Stephan Jenkins, lead singer of Third Eye Blind, tells Neha Mujumdar that it sometimes takes two years to get a song all figured out!
Stephan Jenkins has heard plenty of stories warning him about India, but, for now, the frontman of American rock band Third Eye Blind is pleasantly surprised on his first trip. “I was told it’s so crowded, you can’t move. But there’s a flow and a logic that’s pleasant.” He was in Bangalore to play a gig at the Hard Rock Café, as part of Bacardi’s Go Mix Concert Tour.
In the nearly 20 years they’ve been around, Third Eye Blind have produced five albums. “I find the process of making albums to be excruciating,” he says, about why Third Eye Blind produces so few albums.
He then launches into an explanation. “Here’s the thing. Every album you make always has some kind of trajectory, whether up or down. The first album, you don’t really care. Then you start to get all of this scrutiny and even self-scrutiny. You compare yourself to other artists or critics or whatever. It’s a really unhealthy environment for me; it slows me down and takes me years to work through.”
On a typical song, Stephan says he gets an idea, gets stuck, and then works on the song for a year and a half. “A song that’s 85 to 90 per cent finished, I’ll spend two years trying to get figured out.”
Third Eye Blind was formed in the early 90s in San Francisco; their 1997 self-titled debut is considered their biggest hit to date. Has their first album’s success hurt them? “That time has come and gone,” he says. “In the US, I don’t need to play hits like ‘Never Let You Go’ or ‘Semi-Charmed Life’. But I probably do in India.”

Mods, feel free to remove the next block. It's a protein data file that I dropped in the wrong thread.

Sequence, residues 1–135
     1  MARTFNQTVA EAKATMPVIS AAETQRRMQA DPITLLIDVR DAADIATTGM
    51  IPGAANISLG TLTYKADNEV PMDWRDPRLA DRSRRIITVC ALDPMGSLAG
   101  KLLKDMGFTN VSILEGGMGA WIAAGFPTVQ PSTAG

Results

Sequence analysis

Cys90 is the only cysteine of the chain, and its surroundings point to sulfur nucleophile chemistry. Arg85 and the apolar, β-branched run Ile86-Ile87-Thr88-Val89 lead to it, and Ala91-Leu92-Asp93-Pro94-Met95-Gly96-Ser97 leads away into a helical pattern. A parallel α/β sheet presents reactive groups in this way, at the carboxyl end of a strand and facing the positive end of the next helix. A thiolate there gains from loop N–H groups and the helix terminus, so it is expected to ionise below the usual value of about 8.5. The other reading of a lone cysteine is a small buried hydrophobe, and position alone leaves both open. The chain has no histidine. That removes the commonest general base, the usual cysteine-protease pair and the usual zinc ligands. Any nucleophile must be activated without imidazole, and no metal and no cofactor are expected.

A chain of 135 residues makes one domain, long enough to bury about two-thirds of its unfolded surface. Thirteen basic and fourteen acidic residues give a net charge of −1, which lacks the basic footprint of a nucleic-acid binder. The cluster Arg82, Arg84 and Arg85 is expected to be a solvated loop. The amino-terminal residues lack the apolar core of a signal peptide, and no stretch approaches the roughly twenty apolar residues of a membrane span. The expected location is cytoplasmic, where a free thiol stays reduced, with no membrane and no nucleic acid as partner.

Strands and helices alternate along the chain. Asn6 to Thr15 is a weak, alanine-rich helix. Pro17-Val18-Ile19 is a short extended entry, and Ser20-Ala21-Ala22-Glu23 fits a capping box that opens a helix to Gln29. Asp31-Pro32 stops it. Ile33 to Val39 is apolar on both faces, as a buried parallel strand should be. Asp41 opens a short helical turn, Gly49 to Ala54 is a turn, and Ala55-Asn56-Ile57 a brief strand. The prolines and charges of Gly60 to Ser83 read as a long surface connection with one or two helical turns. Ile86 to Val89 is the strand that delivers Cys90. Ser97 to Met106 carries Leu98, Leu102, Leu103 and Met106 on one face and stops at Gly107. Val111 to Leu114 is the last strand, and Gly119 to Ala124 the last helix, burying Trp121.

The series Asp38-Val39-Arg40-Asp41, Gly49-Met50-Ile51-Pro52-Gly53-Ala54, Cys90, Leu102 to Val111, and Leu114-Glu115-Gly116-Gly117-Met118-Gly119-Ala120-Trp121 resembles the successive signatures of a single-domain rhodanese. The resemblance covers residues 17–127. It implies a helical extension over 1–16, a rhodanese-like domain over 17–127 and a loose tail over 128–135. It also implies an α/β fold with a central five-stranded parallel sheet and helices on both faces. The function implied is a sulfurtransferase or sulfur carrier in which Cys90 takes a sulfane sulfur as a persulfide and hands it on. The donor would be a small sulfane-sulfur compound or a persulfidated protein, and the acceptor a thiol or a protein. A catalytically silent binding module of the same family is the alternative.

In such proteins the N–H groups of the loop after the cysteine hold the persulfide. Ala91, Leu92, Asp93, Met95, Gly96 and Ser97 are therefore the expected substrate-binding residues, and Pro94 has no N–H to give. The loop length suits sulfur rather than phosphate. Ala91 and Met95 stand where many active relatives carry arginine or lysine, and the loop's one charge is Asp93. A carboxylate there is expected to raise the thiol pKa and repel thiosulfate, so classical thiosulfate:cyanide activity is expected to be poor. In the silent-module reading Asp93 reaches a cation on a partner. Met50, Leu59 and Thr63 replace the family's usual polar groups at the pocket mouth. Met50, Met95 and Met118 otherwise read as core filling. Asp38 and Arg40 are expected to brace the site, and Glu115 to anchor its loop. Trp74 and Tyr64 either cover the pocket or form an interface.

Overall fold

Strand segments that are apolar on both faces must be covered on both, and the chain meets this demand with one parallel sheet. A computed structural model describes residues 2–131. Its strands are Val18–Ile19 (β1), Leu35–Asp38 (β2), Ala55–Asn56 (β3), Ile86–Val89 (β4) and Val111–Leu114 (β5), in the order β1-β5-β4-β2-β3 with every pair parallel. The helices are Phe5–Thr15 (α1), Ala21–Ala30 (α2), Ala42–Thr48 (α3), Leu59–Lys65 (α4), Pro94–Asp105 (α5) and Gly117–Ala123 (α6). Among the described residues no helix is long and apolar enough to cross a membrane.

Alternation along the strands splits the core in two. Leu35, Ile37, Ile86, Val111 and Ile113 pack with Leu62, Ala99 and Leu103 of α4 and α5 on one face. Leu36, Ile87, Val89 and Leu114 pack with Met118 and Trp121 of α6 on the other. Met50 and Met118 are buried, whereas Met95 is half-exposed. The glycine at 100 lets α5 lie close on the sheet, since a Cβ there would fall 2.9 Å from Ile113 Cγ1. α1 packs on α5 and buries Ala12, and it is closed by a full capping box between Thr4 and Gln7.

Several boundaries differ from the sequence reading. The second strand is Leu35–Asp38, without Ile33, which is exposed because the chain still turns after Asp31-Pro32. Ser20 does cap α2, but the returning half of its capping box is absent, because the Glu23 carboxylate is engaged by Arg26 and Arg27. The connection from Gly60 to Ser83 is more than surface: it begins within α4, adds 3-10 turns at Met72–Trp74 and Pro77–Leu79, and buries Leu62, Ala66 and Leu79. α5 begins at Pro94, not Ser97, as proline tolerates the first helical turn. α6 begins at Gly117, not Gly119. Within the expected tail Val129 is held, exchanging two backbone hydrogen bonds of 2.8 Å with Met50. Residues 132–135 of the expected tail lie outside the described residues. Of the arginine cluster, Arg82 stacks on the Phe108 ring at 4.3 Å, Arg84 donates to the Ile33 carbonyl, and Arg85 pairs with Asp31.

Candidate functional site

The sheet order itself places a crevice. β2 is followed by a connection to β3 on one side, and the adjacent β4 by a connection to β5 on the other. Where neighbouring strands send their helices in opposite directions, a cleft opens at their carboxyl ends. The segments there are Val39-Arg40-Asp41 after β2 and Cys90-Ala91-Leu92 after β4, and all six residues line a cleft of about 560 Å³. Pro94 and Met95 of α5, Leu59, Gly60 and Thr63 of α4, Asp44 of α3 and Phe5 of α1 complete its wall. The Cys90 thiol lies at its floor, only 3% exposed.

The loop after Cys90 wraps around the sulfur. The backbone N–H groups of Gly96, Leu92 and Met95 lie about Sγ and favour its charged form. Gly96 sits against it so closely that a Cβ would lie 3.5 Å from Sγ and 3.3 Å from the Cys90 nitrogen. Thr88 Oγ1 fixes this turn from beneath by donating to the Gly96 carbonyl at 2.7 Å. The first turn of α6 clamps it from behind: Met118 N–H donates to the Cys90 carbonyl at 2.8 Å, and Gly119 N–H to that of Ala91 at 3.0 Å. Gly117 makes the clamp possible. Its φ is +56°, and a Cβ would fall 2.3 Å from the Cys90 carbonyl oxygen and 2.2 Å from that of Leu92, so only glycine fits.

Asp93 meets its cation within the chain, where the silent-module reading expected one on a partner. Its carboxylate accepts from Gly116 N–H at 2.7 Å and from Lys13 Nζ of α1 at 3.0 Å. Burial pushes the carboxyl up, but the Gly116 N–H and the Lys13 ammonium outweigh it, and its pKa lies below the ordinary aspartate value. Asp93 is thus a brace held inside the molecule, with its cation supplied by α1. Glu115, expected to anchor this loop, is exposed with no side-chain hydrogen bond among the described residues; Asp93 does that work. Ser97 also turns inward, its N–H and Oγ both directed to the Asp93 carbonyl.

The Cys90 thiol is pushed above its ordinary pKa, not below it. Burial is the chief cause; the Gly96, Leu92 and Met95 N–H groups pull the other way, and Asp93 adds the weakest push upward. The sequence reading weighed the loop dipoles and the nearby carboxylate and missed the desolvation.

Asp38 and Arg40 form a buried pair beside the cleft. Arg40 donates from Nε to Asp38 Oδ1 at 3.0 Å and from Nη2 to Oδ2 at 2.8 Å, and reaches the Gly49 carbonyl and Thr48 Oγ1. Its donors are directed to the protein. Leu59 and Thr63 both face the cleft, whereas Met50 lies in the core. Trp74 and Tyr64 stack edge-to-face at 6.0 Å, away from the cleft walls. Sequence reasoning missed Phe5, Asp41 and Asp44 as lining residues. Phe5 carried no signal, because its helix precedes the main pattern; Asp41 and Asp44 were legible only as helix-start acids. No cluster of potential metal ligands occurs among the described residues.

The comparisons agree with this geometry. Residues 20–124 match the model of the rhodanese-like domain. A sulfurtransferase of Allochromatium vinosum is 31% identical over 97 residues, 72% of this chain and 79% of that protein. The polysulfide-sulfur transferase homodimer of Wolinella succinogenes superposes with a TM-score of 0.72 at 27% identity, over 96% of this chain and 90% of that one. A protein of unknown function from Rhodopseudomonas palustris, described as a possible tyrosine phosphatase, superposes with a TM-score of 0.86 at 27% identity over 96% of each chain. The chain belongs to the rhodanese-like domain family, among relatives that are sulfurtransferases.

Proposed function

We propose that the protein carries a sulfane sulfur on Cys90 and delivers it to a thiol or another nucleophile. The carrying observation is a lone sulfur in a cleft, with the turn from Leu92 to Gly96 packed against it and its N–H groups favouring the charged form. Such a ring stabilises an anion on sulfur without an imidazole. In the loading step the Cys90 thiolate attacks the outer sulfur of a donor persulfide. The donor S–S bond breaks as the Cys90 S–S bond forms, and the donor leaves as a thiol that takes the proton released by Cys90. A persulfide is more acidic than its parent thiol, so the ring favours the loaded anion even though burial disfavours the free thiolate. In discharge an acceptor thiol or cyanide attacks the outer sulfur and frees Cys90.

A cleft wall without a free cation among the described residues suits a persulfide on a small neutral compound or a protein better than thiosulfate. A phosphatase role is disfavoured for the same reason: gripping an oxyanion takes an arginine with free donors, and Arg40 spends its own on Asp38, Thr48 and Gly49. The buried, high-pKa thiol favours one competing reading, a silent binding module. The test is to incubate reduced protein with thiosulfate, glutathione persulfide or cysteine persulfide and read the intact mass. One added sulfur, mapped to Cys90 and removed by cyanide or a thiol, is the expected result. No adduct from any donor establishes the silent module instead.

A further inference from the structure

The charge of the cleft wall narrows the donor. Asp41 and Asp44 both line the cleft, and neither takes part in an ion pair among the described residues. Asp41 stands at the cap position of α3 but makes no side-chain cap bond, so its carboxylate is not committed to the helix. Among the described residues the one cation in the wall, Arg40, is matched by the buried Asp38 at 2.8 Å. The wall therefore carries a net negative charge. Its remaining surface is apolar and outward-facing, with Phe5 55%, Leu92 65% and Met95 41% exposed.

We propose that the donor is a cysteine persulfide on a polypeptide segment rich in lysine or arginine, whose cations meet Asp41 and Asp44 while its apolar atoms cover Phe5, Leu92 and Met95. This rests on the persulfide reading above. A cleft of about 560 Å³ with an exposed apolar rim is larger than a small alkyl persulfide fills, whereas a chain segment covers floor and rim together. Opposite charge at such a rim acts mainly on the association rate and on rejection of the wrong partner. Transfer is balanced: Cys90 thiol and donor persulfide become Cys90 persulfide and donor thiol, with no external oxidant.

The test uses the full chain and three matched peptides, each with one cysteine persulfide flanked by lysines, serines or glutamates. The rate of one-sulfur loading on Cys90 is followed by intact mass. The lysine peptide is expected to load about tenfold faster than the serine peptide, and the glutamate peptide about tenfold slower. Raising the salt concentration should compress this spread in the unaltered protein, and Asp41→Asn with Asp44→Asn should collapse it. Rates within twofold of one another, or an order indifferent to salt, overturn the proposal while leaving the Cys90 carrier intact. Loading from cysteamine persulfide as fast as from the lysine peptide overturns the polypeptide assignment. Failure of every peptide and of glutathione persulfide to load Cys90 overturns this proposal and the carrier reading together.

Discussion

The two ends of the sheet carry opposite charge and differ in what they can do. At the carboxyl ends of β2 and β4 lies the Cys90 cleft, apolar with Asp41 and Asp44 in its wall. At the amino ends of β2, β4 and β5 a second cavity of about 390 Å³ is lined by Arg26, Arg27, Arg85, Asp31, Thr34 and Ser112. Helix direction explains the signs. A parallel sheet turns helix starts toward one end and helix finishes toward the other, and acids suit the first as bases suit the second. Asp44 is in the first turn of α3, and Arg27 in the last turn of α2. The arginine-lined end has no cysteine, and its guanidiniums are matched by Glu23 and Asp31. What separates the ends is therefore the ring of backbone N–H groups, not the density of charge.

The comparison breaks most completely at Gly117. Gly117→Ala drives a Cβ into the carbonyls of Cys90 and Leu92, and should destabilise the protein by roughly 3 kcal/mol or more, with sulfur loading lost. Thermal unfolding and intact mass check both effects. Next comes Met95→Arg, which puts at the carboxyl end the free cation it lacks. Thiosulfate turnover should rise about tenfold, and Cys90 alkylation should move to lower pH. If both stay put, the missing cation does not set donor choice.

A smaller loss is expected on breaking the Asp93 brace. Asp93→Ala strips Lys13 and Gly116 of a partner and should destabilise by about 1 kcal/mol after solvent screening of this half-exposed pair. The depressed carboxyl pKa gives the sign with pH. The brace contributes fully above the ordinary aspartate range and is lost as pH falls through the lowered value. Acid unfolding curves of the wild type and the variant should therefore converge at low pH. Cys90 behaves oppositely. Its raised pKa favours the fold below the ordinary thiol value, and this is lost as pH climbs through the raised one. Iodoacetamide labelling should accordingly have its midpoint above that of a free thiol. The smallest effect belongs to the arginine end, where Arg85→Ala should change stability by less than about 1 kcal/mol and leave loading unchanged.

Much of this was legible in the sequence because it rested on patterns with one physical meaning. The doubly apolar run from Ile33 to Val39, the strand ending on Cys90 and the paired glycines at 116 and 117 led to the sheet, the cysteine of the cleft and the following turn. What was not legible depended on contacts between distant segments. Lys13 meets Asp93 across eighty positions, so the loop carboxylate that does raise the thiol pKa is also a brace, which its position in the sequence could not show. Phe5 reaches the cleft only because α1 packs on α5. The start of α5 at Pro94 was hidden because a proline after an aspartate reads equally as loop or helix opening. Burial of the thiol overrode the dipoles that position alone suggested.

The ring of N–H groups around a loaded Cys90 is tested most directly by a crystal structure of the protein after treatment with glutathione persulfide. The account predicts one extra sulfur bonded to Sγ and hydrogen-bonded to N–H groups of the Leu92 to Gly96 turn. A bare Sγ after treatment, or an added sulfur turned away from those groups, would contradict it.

The band recently came out with their fifth full-length album, and after a sixth album post the India tour, it may just be it. “I don’t intend to make LPs after this. After the sixth album, when it’s done, every time I have a song, I’ll take it to the band, workshop the song – and record and upload it, hopefully all in the same day. I don’t want to be in this process of working out records forever.”
The band has fans as much for their lyrics as for the music on the whole. What kind of toll does the lyric writing take? “The only way there would be a bigger toll on me would be if I didn’t do it – it sounds cliché or trite, but it makes sense. One of my two biggest fears is to be empty, to be numb…to just be a consumer. I’m glad fans like the lyrics – I really bleed out for everyone.”
Since the band began in San Francisco, does he see it as a band of the city? Not really, it turns out. “I don’t know how much of a scene the city really has. The oceans, the fog, those kinds of things make me feel really good – but they haven’t inspired me lately.”
It’s because he’s been “feeling short on inspiration” that he’s looking to write material for the new album in Bangalore. “I want to write an album you can feel as a presence, want to be in the room with.” That’s at least part of the agenda on their India tour. “The stray dogs of Bangalore – that sounds poetic to me, it has a rhythm to me,” he says.
We’ll wait for the song that uses the phrase.